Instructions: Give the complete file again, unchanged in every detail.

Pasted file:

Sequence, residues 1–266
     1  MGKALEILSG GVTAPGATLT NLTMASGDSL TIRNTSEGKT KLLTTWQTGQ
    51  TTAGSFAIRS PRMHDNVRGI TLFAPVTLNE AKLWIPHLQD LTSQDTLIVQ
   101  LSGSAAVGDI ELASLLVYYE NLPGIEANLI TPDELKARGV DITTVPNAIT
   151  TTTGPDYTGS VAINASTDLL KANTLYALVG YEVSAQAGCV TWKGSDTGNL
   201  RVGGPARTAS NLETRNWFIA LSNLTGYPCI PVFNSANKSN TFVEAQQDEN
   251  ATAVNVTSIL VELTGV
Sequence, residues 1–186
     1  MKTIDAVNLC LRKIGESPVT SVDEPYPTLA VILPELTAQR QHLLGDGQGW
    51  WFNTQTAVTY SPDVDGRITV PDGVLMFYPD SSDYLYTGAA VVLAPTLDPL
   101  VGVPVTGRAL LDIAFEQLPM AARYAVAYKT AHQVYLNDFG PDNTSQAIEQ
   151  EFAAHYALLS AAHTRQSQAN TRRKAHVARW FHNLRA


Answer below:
Sequence, residues 1–266
     1  MGKALEILSG GVTAPGATLT NLTMASGDSL TIRNTSEGKT KLLTTWQTGQ
    51  TTAGSFAIRS PRMHDNVRGI TLFAPVTLNE AKLWIPHLQD LTSQDTLIVQ
   101  LSGSAAVGDI ELASLLVYYE NLPGIEANLI TPDELKARGV DITTVPNAIT
   151  TTTGPDYTGS VAINASTDLL KANTLYALVG YEVSAQAGCV TWKGSDTGNL
   201  RVGGPARTAS NLETRNWFIA LSNLTGYPCI PVFNSANKSN TFVEAQQDEN
   251  ATAVNVTSIL VELTGV
Sequence, residues 1–186
     1  MKTIDAVNLC LRKIGESPVT SVDEPYPTLA VILPELTAQR QHLLGDGQGW
    51  WFNTQTAVTY SPDVDGRITV PDGVLMFYPD SSDYLYTGAA VVLAPTLDPL
   101  VGVPVTGRAL LDIAFEQLPM AARYAVAYKT AHQVYLNDFG PDNTSQAIEQ
   151  EFAAHYALLS AAHTRQSQAN TRRKAHVARW FHNLRA